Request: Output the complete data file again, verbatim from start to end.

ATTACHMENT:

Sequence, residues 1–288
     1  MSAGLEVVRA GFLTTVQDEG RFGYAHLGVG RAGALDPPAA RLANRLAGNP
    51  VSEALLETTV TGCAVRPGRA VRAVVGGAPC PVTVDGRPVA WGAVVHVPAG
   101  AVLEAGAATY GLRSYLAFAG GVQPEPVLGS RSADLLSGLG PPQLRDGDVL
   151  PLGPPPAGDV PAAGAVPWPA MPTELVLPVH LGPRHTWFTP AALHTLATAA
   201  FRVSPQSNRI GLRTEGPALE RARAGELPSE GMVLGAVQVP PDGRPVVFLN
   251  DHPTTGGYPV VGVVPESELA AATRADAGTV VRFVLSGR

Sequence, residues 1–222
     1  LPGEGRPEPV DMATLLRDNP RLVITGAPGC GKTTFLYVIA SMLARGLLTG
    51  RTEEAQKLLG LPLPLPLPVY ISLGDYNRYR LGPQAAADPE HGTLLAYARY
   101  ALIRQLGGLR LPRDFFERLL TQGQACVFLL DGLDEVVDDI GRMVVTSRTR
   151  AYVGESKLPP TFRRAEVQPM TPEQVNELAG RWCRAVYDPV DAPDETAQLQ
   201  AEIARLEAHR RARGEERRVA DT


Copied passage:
Sequence, residues 1–288
     1  MSAGLEVVRA GFLTTVQDEG RFGYAHLGVG RAGALDPPAA RLANRLAGNP
    51  VSEALLETTV TGCAVRPGRA VRAVVGGAPC PVTVDGRPVA WGAVVHVPAG
   101  AVLEAGAATY GLRSYLAFAG GVQPEPVLGS RSADLLSGLG PPQLRDGDVL
   151  PLGPPPAGDV PAAGAVPWPA MPTELVLPVH LGPRHTWFTP AALHTLATAA
   201  FRVSPQSNRI GLRTEGPALE RARAGELPSE GMVLGAVQVP PDGRPVVFLN
   251  DHPTTGGYPV VGVVPESELA AATRADAGTV VRFVLSGR

Sequence, residues 1–222
     1  LPGEGRPEPV DMATLLRDNP RLVITGAPGC GKTTFLYVIA SMLARGLLTG
    51  RTEEAQKLLG LPLPLPLPVY ISLGDYNRYR LGPQAAADPE HGTLLAYARY
   101  ALIRQLGGLR LPRDFFERLL TQGQACVFLL DGLDEVVDDI GRMVVTSRTR
   151  AYVGESKLPP TFRRAEVQPM TPEQVNELAG RWCRAVYDPV DAPDETAQLQ
   201  AEIARLEAHR RARGEERRVA DT